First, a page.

I’ve only recently come to know Beth a little better, mainly due to her work with ACCESS AIDS Care. In a recent discussion about her work in ACCESS’s housing department, I asked her if it was sometimes discouraging to see that level of need still in our community.
She replied, “I love my job. It has it’s moments, but all in all, I really feel like I’m making a difference with clients who live every day with HIV and AIDS.”
And there you have it. This is what front line care is all about. And Beth indeed makes a difference every day.
Where were you born and raised?
I was born in Bristol, PA outside of Philadelphia. My parents moved us kids to North Carolina when we were still very young, so NC is home. I grew up in Salisbury, NC.
How long have you lived in Hampton Roads?
What do you do 9-5?
I work for ACCESS AIDS Care in Norfolk in the housing department. For people living with HIV, research shows that lack of stable housing is strongly linked to inadequate HIV health care, avoidable hospitalizations and emergency room visits, and early death. I work with local landlords and property management companies to ensure individuals have safe, decent, and sanitary places to call home so they can concentrate on improving their health.
How long have you been out, and who was the hardest person to tell?
I came out at age 40, 11 years ago. Although out to my close group of friends since college, I never felt comfortable letting family, co-workers, and other friends know who I really was. Something happened at age 40 that made me realize that it is not up to me to control other’s reactions to how I lived my life. If they had a problem with it, it was on them…not me. It was a liberating feeling!
The toughest person to tell was my mom. My mother was a good, southern Baptist woman and she did not believe in homosexuality. The conversation was hard and our relationship suffered in the beginning. As time went on, we worked to a place of understanding.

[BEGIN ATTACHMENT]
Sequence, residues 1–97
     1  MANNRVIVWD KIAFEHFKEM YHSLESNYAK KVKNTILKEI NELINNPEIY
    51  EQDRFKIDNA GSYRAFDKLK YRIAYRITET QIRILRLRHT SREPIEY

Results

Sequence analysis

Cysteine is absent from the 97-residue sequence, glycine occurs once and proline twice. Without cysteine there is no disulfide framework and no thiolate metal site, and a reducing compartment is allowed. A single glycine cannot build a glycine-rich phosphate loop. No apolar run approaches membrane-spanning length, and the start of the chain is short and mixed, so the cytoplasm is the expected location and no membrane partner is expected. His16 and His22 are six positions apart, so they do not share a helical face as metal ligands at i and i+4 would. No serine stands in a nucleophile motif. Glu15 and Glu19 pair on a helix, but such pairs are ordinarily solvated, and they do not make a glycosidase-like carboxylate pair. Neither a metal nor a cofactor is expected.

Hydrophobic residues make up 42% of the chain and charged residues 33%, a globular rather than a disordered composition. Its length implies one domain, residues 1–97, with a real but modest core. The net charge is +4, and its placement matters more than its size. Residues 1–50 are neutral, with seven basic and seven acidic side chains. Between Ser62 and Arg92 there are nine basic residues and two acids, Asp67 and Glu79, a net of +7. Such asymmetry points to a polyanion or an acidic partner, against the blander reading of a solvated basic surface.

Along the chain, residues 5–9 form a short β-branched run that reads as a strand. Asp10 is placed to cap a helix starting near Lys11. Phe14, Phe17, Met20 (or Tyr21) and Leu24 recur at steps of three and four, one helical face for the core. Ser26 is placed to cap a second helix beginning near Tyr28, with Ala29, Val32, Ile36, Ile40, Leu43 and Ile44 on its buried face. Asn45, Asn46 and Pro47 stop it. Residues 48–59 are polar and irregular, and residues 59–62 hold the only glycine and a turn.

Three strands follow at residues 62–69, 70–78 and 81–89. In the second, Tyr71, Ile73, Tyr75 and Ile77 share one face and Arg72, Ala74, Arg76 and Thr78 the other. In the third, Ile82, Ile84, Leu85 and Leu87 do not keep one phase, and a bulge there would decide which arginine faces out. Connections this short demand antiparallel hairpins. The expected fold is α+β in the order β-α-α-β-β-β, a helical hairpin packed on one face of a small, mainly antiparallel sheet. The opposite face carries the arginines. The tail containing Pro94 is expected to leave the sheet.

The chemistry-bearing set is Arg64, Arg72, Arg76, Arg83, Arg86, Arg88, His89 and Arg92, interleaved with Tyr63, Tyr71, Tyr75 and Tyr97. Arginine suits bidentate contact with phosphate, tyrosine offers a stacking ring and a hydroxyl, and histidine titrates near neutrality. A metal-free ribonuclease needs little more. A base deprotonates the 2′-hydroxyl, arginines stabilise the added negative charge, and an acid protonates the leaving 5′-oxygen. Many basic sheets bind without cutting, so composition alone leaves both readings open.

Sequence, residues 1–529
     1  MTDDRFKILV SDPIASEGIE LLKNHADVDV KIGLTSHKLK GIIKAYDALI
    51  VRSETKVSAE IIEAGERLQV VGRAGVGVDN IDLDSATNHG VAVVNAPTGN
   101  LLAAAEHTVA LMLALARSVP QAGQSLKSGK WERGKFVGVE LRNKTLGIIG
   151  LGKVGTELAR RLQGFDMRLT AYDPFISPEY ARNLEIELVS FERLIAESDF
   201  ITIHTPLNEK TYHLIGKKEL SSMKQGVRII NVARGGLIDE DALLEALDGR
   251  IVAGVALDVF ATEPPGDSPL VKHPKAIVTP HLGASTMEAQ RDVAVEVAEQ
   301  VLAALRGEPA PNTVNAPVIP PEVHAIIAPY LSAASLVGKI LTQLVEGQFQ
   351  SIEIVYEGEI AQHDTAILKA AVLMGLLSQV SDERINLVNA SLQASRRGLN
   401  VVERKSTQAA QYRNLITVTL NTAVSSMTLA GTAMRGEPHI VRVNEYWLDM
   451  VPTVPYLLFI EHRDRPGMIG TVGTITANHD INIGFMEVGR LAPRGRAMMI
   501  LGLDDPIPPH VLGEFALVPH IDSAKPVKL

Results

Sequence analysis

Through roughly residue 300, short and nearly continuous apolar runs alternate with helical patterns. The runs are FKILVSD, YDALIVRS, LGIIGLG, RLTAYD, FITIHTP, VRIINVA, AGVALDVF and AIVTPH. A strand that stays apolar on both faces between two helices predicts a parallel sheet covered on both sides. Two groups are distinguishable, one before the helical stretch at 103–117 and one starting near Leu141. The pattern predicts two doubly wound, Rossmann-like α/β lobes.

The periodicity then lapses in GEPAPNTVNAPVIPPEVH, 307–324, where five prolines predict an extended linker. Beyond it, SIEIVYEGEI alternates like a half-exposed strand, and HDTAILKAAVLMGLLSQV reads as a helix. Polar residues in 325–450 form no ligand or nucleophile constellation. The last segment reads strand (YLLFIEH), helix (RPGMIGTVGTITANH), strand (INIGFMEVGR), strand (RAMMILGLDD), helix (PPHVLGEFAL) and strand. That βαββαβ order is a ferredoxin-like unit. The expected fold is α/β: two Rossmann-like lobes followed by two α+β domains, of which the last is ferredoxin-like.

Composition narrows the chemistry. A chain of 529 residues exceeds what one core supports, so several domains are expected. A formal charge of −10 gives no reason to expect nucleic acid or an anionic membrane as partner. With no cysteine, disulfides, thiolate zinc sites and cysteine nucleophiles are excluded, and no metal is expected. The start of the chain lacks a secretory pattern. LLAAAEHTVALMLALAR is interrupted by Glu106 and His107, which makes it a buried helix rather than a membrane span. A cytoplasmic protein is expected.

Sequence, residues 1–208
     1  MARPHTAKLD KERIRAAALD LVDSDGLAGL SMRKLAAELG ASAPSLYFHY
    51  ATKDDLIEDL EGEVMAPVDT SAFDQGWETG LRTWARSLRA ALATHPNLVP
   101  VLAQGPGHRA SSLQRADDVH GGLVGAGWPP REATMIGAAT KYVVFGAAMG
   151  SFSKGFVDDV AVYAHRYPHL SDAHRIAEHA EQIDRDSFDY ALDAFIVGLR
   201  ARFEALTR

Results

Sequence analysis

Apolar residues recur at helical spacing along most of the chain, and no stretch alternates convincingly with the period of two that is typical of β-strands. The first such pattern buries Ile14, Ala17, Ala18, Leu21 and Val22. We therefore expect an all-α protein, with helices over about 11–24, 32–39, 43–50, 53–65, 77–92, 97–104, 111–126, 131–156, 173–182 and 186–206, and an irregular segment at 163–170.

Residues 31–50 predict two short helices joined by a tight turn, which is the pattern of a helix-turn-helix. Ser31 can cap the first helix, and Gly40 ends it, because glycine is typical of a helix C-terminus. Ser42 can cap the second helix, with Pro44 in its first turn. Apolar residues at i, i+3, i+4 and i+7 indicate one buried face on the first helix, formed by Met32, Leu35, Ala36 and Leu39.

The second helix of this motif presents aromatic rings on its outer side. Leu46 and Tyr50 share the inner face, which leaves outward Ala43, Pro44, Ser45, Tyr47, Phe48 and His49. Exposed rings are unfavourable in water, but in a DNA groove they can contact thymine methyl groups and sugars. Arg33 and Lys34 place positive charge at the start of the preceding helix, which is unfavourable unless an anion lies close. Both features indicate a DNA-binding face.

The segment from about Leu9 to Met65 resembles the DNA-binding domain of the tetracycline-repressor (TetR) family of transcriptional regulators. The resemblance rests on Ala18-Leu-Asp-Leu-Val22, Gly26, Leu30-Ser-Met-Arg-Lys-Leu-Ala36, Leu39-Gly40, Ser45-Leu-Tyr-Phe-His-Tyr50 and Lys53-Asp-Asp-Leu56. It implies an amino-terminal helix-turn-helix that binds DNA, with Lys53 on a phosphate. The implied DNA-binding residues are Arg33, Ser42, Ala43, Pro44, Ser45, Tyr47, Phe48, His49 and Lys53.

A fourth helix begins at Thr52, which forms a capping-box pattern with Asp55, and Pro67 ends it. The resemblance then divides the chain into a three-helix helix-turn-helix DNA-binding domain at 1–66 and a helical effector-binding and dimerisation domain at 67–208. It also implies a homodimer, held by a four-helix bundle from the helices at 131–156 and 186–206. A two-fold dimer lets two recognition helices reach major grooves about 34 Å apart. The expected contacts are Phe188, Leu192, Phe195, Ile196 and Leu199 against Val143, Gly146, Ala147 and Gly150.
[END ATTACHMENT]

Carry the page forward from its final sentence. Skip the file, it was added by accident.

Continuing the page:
Who is your LGBT hero?
Robin Johnston McGehee! Robin was one of the organizers for the 2010 National Equality March on Washington DC. She is from Mississippi, but currently lives with her wife and 2 kids in California. Robin is a national gay rights advocate and has been recognized on the local, state and national levels for activism. I saw her speak at the March and was empowered more than ever to fight for full federal equality. I am thankful to call her friend.
What was the most memorable LGBTQ moment in your lifetime?
The National March on Washington in 2010. It was so empowering to stand with so many others from the LGBT community on the lawn of the Capitol. There was so much love and energy as we stood in solidarity for equal rights. That, to me, was the beginning of the movement turning around. The 6 years after the March have been full of one great historical break through after another.
On what do you insist?
Full federal equality. Despite widespread belief to the contrary, no federal law explicitly protects LGBT people from discrimination in employment, housing, and public accommodations. I am tired of piece meal equality, we need a sweeping law that incorporates everything.
What was your last social media post?
About a very cool, long slide built into a mountain in Kandersteg, Switzerland that I want t ride!
If you could give yourself at age 16 one piece of advice, what would it be?
Do you. All the worry and agonizing over what others were thinking or saying is not healthy. Not to mention, people for the most part, don’t give a shit. Live your life the way you want and do it well!
Do you have any suggestions for local LGBTQ movement leaders?
Embrace everyone. We need real leaders in this community to step up and work to make the way a little less painful for those that come after us.
What is the best part about the Hampton Roads LGBTQ community?
We are a very diverse community. It is great to see the young people living their truth so freely.
What is one thing you would change about Hampton Roads?
The damn traffic. We need light rail all throughout Hampton Roads…now!
What LGBT stereotype annoys you most?
The stereotype that I hate the most is that if you are LGBT, you can’t be a Christian. I believe in God and know that He loves me. Being LGBT does not mean you are going to hell. Judging people for being LGBT, now that will get to there!
What non-LGBTQ issue do you feel most passionate about?
Women’s rights are near and dear! The struggles include ensuring equal economic opportunities, educational equity, and an end to gender-based violence. One in four homeless